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The Twin Effects of Globalization

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  • Francesco Daveri

    (University of Parma; IGIER)

  • Paolo Manasse

    (University of Bologna; IGIER)

  • Danila Serra

    (London School of Economics)

Abstract

\'Globalized\' workers enjoy a riskier, but potentially more rewarding, menu of labor market outcomes. This, so far overlooked, feature of globalization is documented here for a sample of Indian manufacturing Þrms. Firms subject to external exposure, be they exporting, import-competing or foreign-owned, indeed face higher earnings variability and job insecurity. At the same time, though, the employees of foreign-owned and import-competing firms are more frequently involved in training programs than employees of Þrms not subject to foreign competition. Similarly, the employees of exporting firms are promoted more frequently than otherwise. The \'bad\' and the \'good\' labormarket effects of globalization are thus twin to each other. Concentrating on just one side of the coin gives a misleading picture of globalization.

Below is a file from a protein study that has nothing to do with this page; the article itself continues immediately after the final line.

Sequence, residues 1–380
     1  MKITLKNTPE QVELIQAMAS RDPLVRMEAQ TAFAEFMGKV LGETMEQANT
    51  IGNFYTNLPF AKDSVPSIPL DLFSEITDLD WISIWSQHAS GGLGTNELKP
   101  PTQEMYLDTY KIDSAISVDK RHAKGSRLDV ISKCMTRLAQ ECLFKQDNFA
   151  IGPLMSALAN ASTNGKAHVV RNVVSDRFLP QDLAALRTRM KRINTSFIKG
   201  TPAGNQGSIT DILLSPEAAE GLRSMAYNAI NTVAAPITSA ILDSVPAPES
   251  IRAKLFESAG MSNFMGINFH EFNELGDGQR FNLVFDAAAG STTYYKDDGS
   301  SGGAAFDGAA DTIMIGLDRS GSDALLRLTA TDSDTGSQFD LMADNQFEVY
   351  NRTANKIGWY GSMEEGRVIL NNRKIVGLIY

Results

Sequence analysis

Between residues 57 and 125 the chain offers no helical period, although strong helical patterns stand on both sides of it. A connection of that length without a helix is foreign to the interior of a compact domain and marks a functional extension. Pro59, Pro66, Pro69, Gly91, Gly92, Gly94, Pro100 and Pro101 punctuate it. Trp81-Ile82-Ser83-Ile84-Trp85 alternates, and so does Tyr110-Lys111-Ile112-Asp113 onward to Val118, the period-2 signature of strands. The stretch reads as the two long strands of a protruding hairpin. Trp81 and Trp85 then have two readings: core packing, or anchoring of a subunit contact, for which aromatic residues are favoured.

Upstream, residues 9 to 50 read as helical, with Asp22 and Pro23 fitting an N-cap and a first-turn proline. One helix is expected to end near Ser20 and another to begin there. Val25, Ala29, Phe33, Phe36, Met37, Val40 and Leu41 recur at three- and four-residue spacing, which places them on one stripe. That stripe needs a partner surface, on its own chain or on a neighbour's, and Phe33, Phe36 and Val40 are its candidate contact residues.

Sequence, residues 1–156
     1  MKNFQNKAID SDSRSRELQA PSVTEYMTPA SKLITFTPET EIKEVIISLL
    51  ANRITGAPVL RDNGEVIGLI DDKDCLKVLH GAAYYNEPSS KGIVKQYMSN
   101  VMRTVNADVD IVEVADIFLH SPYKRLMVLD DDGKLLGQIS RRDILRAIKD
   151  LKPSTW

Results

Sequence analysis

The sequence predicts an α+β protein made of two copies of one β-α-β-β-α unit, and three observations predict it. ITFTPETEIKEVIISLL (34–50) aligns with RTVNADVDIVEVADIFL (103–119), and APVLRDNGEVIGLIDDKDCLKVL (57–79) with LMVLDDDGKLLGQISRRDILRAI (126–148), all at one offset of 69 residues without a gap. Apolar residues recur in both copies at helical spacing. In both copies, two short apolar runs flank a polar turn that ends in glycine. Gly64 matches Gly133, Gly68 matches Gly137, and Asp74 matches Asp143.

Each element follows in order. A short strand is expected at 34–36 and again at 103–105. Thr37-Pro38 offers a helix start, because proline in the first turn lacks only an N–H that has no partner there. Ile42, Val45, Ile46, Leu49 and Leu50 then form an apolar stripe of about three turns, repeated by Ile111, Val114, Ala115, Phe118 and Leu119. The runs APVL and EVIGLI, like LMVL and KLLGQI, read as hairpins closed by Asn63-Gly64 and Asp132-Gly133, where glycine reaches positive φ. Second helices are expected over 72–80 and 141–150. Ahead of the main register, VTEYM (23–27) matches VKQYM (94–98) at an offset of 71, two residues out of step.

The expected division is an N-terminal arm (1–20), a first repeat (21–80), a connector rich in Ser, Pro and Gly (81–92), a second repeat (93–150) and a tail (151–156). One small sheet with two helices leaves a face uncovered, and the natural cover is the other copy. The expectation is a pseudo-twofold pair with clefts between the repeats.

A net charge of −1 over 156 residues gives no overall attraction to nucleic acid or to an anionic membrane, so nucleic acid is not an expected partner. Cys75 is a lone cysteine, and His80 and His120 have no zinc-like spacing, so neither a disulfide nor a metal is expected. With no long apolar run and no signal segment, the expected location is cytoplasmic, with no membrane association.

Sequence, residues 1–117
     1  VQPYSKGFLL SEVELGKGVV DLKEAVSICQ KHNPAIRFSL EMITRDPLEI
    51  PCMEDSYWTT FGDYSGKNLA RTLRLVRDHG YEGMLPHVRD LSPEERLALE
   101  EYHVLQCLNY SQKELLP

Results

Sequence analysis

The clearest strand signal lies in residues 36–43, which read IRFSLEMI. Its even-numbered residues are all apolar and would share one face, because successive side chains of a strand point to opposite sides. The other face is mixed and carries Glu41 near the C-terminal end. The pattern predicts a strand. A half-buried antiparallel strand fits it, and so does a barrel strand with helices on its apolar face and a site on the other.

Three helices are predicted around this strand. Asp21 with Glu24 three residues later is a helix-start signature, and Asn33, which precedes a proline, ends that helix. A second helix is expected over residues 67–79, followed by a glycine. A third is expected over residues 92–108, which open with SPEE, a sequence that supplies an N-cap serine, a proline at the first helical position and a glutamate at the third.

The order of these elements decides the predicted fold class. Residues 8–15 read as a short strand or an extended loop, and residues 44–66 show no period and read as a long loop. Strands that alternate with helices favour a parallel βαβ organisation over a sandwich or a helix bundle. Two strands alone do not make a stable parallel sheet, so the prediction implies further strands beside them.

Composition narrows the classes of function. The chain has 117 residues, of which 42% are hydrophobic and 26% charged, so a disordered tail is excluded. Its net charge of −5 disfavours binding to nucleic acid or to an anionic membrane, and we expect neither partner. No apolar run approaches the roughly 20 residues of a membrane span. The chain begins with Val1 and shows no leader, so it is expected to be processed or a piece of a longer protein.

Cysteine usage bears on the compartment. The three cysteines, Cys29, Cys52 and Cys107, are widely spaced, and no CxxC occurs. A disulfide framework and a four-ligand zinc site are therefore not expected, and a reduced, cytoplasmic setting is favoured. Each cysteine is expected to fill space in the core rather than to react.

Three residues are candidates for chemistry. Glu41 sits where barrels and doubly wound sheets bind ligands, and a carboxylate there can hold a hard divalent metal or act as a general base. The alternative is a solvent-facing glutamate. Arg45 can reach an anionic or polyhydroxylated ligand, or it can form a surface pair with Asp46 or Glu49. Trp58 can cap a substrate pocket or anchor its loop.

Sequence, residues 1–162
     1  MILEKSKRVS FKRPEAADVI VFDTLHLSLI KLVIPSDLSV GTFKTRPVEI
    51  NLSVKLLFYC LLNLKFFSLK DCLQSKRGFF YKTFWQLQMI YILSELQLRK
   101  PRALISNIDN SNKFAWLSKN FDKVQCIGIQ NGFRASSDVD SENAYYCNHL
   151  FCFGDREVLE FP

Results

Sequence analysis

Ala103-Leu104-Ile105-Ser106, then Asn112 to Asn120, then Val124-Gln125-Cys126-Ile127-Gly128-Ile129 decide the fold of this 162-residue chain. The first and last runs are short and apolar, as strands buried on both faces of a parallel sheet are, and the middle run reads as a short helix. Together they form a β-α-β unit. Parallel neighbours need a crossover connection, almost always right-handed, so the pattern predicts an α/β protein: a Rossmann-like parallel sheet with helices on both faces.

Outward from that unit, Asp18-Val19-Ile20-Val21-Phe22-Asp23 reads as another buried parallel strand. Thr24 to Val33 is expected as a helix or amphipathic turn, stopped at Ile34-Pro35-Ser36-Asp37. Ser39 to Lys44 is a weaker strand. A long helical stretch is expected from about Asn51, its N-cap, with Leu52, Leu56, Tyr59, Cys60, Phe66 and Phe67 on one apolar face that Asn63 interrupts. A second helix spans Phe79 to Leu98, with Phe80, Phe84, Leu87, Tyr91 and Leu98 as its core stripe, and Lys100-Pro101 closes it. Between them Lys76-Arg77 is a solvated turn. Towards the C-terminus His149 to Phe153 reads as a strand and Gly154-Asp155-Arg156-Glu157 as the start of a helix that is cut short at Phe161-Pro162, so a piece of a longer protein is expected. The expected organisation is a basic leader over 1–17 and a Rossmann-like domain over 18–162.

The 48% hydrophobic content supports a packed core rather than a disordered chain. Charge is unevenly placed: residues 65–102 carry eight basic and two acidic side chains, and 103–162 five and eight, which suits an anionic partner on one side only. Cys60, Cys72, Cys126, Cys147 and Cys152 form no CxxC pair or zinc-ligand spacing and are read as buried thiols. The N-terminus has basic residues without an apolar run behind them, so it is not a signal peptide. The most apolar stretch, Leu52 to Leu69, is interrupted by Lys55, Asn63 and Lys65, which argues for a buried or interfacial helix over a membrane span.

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Bibliographic Info

Paper provided by Centro Studi Luca d\'Agliano, University of Milano in its series Development Working Papers with number 171.

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Date of creation: 01 Nov 2002
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Handle: RePEc:csl:devewp:171

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Cited by:
  1. Epifani Paolo, 2003. "Trade liberalization, Firm Performances and Labor Market Outcomes in the Developing World, what Can We Learn From Micro-Level Data?," Rivista italiana degli economisti, Società editrice il Mulino, issue 3, pages 455-486.
  2. Paolo Epifani, 2002. "Trade Liberalization, Firm Performance and Labour Market Outcomes in the Developing World: What Can We Learn from Micro-LevelData?," Development Working Papers, Centro Studi Luca d\'Agliano, University of Milano 172, Centro Studi Luca d\'Agliano, University of Milano.
  3. Pranab Bardhan, 2006. "Globalization, Inequality, and Poverty," IDB Publications 9126, Inter-American Development Bank.
  4. Erkan Erdem & James Tybout, 2003. "Trade Policy and Industrial Sector Responses: Using Evolutionary Models to Interpret the Evidence," NBER Working Papers 9947, National Bureau of Economic Research, Inc.

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